A Methodology for Modeling the Flow of Military Personnel Across Air Force Active and Reserve Components

by Lisa M. Harrington, James H. Bigelow, Alexander D. Rothenberg, James Pita, Paul Emslie


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Research Questions

  1. How can the U.S. Air Force best make use of the total force — the active component, the Air Force Reserve, and the Air National Guard — to meet future mission requirements in a sustainable way?
  2. What tools can help force planners understand whether policy changes are necessary to meet personnel goals, both in the aggregate and within career fields and for individuals?

The Air Force is placing increased emphasis on managing its airmen as a total force. Yet many aspects of personnel management are conducted within the confines of a particular component — whether active, guard, or reserve. As a result, when personnel policies are implemented in one component, little is known or considered about the effect that those policies might have on personnel flows into and out of other components. The degree to which this is important varies by career field, so examination of such concerns must be conducted not only at an aggregate level but also for individual specialties. Total force personnel management requires tools that provide managers with insight on personnel flows across components and how those flows are affected by personnel policies that lead to changes in accessions, retention, affiliation, and retirements. With a view toward shaping the future force size and mix from a total force perspective, the Assistant Secretary of the Air Force for Manpower and Reserve Affairs (SAF/MR) asked RAND Project AIR FORCE (PAF) to help improve Air Force capability to analyze and capitalize on military personnel flows across the total force. In response to this request, RAND developed a component flow model described in this report. The model's description and capabilities will be of interest to manpower and personnel managers and analysts both in and outside the Air Force.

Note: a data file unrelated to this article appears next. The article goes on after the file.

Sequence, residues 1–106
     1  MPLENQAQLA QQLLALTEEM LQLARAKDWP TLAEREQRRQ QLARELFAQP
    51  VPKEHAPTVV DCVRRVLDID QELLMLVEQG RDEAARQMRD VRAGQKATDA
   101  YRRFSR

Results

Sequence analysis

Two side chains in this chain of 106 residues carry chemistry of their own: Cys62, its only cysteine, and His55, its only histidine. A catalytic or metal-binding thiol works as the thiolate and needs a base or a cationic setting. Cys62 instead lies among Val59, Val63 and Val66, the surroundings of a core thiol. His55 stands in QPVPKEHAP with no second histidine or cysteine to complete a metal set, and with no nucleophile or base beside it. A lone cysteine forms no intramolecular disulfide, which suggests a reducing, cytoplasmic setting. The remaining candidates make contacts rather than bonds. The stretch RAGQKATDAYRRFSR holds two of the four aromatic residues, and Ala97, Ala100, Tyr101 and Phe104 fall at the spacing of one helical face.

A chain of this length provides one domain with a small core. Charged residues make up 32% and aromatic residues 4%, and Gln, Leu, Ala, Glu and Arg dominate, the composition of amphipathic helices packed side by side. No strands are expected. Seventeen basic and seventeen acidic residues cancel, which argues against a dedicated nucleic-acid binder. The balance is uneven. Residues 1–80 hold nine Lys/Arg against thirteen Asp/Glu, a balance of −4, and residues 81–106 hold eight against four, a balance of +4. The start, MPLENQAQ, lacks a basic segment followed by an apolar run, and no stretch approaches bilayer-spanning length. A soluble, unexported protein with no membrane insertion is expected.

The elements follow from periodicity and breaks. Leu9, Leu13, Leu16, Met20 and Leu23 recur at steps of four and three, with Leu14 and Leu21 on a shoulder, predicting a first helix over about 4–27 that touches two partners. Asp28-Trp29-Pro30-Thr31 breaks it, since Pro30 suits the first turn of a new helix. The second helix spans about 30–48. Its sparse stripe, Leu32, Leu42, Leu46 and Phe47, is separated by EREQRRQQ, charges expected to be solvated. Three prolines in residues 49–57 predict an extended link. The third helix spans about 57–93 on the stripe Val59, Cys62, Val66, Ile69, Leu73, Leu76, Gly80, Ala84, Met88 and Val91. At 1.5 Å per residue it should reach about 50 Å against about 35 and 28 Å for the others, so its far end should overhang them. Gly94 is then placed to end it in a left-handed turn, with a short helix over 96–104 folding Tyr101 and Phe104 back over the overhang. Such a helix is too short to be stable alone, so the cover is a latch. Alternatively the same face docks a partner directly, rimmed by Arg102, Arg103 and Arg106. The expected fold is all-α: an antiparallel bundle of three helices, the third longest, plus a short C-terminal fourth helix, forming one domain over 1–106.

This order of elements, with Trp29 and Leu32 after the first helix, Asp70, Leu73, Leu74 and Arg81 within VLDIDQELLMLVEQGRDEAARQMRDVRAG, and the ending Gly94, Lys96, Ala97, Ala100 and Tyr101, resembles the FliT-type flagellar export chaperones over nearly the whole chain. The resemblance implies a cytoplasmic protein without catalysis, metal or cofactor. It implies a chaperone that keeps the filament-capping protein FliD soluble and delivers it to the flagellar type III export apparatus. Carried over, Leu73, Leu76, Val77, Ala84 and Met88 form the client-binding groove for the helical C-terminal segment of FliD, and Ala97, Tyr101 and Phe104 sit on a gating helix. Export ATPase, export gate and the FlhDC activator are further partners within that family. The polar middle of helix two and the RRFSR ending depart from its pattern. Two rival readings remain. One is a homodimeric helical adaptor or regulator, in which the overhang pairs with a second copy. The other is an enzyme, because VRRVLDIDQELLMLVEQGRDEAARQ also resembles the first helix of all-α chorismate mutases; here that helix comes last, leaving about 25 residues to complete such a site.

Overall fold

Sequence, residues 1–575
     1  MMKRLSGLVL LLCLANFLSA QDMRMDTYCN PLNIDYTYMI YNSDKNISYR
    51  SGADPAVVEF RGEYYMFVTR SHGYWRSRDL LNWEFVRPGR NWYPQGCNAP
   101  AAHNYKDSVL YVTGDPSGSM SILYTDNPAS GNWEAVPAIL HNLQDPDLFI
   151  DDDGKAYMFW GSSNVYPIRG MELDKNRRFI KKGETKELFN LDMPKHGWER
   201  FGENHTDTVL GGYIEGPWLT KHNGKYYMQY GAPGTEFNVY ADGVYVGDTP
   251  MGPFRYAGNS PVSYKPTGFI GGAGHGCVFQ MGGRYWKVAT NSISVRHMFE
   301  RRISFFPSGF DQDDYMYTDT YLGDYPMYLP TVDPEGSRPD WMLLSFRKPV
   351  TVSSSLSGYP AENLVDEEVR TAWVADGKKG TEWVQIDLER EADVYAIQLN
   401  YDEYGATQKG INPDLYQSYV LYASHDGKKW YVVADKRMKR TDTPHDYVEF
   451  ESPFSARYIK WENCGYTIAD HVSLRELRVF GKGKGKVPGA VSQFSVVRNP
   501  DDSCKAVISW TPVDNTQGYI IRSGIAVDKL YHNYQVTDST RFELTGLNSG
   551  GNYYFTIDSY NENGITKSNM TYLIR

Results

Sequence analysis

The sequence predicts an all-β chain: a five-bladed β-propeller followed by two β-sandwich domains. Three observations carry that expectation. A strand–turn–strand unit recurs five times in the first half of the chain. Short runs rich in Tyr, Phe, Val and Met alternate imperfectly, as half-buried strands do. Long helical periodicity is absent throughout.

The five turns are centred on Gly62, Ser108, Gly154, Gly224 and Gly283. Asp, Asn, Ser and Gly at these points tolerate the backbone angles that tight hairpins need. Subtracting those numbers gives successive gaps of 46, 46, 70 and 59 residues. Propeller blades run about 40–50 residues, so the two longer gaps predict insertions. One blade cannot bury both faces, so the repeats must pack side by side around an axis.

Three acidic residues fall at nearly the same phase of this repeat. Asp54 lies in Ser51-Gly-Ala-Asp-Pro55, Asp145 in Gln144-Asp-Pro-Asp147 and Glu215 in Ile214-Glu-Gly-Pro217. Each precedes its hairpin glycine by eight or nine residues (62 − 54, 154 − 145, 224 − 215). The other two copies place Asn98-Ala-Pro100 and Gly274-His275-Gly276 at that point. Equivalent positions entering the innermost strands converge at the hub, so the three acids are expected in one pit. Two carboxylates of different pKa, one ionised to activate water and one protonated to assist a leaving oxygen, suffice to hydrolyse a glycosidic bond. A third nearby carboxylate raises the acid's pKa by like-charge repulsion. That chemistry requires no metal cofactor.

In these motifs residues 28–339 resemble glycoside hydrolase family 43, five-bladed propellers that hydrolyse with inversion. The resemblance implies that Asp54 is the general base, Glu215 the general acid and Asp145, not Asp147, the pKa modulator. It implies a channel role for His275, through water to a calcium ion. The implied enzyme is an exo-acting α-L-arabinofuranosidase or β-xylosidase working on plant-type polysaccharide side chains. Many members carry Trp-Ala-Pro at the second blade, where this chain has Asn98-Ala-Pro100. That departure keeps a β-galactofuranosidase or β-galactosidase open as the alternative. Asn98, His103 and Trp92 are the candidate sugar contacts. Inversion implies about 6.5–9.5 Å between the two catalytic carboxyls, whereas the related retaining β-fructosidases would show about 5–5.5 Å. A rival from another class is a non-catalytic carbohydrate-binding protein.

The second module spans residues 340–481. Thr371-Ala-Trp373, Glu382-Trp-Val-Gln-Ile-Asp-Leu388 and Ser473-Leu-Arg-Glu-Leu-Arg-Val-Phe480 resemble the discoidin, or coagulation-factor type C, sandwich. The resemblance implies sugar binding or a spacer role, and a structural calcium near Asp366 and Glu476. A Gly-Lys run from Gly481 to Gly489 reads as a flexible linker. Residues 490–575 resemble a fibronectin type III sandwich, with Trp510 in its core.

Key Findings

Most Existing Total Force Management Tools Do Not Provide An Integrated Picture of the Total Force Including Active, Guard, and Reserve

  • Future personnel managers will need the ability to forecast future inventories; establish goals for personnel policy changes; examine the interrelated effects of changes to accessions, affiliations, separations, and retirements; and assess actions necessary to meet component contributions to the overall requirement — all from a total force perspective.
  • Without an integrated picture, personnel managers are unable to see the effect of personnel policies implemented in one component on personnel flows into and out of other components.
  • The Total Force Flow Model provides a capability to analyze personnel flows across the active and reserve components.

Table of Contents

  • Chapter One


  • Chapter Two

    Existing Tools for Analyzing Human Capital Flows

  • Chapter Three

    Identifying and Organizing Historical Data for Analysis

  • Chapter Four

    A New Model for Assessing Human Capital Flows Across the Total Force

  • Chapter Five

    Final Thoughts

  • Appendix A

    Transition Probabilities and Stocks and Flows

  • Appendix B

    Mathematical Formulation of the Optimization Approach

Research conducted by

The research reported here was sponsored by the Assistant Secretary of the Air Force for Manpower and Reserve Affairs and conducted within the Manpower, Personnel, and Training Program of RAND Project AIR FORCE.

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